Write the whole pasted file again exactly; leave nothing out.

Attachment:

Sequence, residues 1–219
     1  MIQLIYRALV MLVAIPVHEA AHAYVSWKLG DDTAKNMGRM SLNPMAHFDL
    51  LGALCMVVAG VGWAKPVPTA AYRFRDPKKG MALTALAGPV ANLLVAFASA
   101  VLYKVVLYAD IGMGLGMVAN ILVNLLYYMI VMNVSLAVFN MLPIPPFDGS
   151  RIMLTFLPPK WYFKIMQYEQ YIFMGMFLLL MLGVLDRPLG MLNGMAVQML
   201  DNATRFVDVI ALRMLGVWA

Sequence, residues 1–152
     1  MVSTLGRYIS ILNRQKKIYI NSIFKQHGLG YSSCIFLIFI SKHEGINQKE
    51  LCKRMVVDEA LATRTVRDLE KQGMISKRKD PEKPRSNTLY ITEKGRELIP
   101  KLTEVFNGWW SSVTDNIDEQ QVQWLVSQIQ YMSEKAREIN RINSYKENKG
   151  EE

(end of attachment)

Sequence, residues 1–219
     1  MIQLIYRALV MLVAIPVHEA AHAYVSWKLG DDTAKNMGRM SLNPMAHFDL
    51  LGALCMVVAG VGWAKPVPTA AYRFRDPKKG MALTALAGPV ANLLVAFASA
   101  VLYKVVLYAD IGMGLGMVAN ILVNLLYYMI VMNVSLAVFN MLPIPPFDGS
   151  RIMLTFLPPK WYFKIMQYEQ YIFMGMFLLL MLGVLDRPLG MLNGMAVQML
   201  DNATRFVDVI ALRMLGVWA

Sequence, residues 1–152
     1  MVSTLGRYIS ILNRQKKIYI NSIFKQHGLG YSSCIFLIFI SKHEGINQKE
    51  LCKRMVVDEA LATRTVRDLE KQGMISKRKD PEKPRSNTLY ITEKGRELIP
   101  KLTEVFNGWW SSVTDNIDEQ QVQWLVSQIQ YMSEKAREIN RINSYKENKG
   151  EE